- NAME: Bette Davis
- OCCUPATION: Actress, Pin-up
- BIRTH DATE: April 05, 1908
- DEATH DATE: October 06, 1989
- EDUCATION: Cushing Academy, John Murray Anderson/Robert Milton School of Theatre and Dance
- PLACE OF BIRTH: Lowell, Massachusetts
- PLACE OF DEATH: Neuilly-sur-Seine, France
- Originally: Ruth Elizabeth Davis
- AKA: Ruth Elizabeth Davis
- Nickname: "The Fifth Warner Brother"
- Nickname: "First Lady of the American Screen"
Best Known For
Bette Davis is remembered as one of Hollywood's legendary leading ladies, famous for her larger-than-life persona and for her nearly 100 film appearances.
Bette Davis had some trying experiences wtih her father Harlow Davis. Her mother, on the other hand, was very attentive and supportive.
Bette Davis became one of the biggest stars during the transition from silent films to "talkies."
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American actress Bette Davis was born on April 5, 1908, in Lowell, Massachusetts. After a brief theater career, she became one of the biggest stars in the Hollywood studio system, appearing in nearly 100 films before her death in 1989. Davis is still considered an icon for her performances in such films as All Above Eve and Dark Victory, as well as for her larger-than-life persona both on and off the silver screen.
"Did I ever try to be low-key? Never, never, never! I fought that from the beginning. I think that acting should be larger than life."
"To look back is to relax one's vigil."
"If you've never been hated by your child, you've never been a parent."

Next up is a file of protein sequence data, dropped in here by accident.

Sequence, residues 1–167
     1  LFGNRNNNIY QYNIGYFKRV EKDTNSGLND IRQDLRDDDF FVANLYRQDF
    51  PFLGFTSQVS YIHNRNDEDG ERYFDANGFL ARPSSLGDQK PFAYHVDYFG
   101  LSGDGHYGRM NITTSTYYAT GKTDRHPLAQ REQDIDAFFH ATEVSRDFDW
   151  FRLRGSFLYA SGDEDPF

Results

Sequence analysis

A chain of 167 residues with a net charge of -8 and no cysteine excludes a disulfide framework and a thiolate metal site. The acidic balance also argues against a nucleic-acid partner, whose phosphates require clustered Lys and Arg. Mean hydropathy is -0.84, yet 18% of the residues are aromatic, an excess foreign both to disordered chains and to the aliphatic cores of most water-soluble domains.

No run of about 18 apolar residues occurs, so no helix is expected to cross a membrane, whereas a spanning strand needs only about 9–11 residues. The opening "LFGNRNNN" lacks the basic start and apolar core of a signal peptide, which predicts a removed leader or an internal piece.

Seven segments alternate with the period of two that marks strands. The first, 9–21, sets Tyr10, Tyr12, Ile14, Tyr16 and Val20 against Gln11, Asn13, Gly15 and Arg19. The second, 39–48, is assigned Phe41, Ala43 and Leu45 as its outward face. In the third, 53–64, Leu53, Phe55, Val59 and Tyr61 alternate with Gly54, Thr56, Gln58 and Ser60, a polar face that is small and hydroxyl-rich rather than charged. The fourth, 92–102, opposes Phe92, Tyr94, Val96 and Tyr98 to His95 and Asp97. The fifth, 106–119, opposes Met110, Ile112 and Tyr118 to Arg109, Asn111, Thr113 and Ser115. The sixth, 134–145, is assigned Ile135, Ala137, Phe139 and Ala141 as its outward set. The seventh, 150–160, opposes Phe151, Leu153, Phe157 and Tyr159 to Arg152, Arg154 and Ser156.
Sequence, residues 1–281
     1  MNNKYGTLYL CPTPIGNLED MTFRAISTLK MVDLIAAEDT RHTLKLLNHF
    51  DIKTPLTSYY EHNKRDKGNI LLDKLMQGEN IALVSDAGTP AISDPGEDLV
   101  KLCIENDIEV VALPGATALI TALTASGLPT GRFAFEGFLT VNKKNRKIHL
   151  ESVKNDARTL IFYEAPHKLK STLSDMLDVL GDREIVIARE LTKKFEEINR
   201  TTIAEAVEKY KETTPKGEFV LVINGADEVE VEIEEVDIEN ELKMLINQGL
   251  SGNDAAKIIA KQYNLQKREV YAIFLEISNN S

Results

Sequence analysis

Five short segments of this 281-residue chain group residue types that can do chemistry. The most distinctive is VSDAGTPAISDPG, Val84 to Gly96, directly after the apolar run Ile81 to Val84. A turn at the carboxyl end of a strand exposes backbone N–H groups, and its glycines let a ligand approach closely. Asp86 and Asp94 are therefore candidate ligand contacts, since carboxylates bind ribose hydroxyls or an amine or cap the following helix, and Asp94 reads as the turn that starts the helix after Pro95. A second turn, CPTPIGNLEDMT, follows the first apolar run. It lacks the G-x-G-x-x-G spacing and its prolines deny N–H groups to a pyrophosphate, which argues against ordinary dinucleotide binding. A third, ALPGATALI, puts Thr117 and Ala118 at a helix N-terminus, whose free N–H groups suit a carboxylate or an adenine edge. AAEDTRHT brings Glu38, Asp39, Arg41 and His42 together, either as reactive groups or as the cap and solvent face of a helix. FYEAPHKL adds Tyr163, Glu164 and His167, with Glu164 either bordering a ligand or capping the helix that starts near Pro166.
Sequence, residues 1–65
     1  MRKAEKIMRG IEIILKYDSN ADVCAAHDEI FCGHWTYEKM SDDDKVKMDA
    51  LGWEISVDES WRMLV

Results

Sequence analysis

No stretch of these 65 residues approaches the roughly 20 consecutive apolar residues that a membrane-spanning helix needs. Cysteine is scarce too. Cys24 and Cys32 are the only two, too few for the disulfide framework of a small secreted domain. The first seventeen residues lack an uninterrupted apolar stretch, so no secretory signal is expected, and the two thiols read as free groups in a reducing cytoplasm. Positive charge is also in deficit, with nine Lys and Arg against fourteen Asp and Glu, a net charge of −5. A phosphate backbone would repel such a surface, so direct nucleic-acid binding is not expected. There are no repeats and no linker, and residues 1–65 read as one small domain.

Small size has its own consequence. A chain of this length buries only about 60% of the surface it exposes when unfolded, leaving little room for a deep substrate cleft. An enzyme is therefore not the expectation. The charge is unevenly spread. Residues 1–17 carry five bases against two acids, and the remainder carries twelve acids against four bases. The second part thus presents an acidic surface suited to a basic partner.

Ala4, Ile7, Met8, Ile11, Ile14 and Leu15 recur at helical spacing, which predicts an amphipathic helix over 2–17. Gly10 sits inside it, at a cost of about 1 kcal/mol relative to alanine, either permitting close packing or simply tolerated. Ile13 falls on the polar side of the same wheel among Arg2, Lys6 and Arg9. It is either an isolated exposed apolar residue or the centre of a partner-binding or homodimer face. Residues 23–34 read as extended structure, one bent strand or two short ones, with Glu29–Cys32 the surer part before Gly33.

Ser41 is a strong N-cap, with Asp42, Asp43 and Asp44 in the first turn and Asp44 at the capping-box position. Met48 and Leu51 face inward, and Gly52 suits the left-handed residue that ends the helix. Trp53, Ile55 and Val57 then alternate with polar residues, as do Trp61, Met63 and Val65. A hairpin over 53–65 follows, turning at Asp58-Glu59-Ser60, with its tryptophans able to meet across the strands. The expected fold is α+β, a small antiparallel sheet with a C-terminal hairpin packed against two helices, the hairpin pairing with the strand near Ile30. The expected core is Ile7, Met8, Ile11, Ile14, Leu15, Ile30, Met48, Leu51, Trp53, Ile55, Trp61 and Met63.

Bette Davis was born Ruth Elizabeth Davis on April 5, 1908, in Lowell Massachusetts, to Ruth (Favor) and Harlow Morrell Davis. When she was 7 years old, her father divorced her mother, who was left to raise Bette and younger daughter Barbara on her own.
As a teen, Davis began acting in school productions at the Cushing Academy in Massachusetts. After a stint in summer stock theater in Rochester, New York, Davis moved to New York City, where she attended the John Murray Anderson/Robert Milton School of Theatre and Dance. Lucille Ball was one of her classmates.
Davis began to audition for theater parts in New York, and in 1929 she made her stage début at Greenwich Village's Provincetown Playhouse in The Earth Between. Later that year, at the age of 21, she made her first Broadway appearance in the comedy Broken Dishes.
A screen test landed Davis a contract with Hollywood's Universal Pictures, where she was assigned a small role in the film Bad Sister (1931), followed by similar minor parts in a few more movies. She moved to Warner Brothers in 1932, after gaining notice in that studio's production of The Man Who Played God. Following this breakthrough, Davis would go on to make 14 films over the next three years.
In 1934, Warner Brothers loaned Davis to RKO Pictures for Of Human Bondage, a drama based on a novel by W. Somerset Maugham. Davis received her first Academy Award nomination for her performance as the vulgar, cold-hearted waitress Mildred. Throughout the rest of her career, she would portray many other strong-willed, even unlikable, women who defied society's rules.
Davis won her first Academy Award in 1935, for her role as a troubled young actress in Dangerous. She then appeared in The Petrified Forest with male stars Leslie Howard and Humphrey Bogart in 1937. After a rocky period at Warner Brothers, during which time she was suspended for turning down roles, sued the studio and spent some time in England, she returned to Hollywood, and was offered a higher salary and better choice of roles.
Davis received her second Oscar for her performance as a rebellion Southern belle in 1938's Jezebel. A number of critical and box-office successes followed: She played a heiress coming to terms with mortal illness in Dark Victory and Elizabeth I in The Private Lives of Elizabeth and Essex (both released in 1939), and went on to deliver several well-received performances in films of the 1940s, including The Little Foxes; the comedy The Man Who Came to Dinner; the American drama Now, Voyager; and the drama The Corn is Green.
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